Appropriation emerged during the Celtic Revival as a singular
mode of engaging with the Shakespearean text to conceptualise and
frame national identities in Ireland using the English language.
With The Celtic Revival in
Shakespeare's Wake, Adam Putz has examined the ways in which
the discourse of Anglo-Irish cultural politics shaped the
Shakespeares of Matthew Arnold, Edward Dowden, and W. B. Yeats. His
close readings underscore the instability of the binary oppositions
upon which these writers relied to predicate their appropriations.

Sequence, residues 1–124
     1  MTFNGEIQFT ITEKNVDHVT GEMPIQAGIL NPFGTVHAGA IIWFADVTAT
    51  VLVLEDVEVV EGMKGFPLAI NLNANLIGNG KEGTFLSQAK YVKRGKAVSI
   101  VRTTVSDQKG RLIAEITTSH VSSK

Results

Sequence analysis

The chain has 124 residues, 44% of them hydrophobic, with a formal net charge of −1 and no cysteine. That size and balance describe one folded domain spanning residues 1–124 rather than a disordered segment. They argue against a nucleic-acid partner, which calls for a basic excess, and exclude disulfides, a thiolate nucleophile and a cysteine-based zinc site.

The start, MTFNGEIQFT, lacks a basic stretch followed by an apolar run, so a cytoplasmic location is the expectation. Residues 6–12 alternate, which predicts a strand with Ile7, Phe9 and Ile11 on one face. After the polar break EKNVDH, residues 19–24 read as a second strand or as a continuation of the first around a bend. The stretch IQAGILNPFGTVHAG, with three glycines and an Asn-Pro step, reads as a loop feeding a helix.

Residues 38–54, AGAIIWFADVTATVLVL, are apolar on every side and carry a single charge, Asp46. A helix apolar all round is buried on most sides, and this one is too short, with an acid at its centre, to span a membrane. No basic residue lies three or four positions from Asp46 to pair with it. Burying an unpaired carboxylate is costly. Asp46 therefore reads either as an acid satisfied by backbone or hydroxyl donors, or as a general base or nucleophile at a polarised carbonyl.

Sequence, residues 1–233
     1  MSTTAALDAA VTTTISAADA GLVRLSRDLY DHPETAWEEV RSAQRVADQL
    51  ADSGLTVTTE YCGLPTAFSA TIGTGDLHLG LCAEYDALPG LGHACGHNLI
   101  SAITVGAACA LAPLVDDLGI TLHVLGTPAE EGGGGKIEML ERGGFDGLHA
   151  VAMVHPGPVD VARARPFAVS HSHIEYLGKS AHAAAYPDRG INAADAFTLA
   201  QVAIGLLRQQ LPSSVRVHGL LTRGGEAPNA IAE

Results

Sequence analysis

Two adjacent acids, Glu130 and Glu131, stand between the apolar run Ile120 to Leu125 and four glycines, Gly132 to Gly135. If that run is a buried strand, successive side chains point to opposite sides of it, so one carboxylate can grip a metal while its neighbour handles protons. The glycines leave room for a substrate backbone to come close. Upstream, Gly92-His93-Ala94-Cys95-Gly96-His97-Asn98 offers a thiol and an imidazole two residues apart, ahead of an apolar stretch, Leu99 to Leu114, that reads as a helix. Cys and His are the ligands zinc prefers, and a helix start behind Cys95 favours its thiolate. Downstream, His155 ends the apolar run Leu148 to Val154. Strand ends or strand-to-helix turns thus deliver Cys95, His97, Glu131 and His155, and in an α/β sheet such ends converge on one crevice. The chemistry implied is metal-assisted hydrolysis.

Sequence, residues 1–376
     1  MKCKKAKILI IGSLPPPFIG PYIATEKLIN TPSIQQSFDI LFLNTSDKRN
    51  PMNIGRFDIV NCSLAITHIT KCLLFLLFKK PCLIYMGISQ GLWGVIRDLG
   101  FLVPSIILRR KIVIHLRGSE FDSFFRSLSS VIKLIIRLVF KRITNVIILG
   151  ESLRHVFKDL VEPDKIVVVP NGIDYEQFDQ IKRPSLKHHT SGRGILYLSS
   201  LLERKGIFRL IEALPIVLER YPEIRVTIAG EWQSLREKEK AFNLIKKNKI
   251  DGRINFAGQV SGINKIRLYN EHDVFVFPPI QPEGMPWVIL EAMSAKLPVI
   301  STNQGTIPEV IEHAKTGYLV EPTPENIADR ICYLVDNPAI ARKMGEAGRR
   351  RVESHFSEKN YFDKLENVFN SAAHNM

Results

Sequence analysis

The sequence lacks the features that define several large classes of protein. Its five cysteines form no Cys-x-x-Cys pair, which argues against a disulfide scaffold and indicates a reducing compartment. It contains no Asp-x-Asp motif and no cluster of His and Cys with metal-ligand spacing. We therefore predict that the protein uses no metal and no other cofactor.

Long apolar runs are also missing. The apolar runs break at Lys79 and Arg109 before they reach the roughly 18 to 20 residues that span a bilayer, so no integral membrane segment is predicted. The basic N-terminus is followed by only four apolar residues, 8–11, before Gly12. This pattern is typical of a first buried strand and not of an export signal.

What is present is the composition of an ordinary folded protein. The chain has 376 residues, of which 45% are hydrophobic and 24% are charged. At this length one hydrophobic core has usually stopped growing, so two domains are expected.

However, Putz finds in James Joyce an urgent concern for the
pernicious manner in which the discourse of Anglo-Irish cultural
politics mediated the relationship with Shakespeare for a
generation of Irish men and women. Therefore, Putz reconsiders
periodization and literary inheritance, the nation and modernity in
order to point up the contingency of those values located in and
imposed upon Shakespeare during the Revival.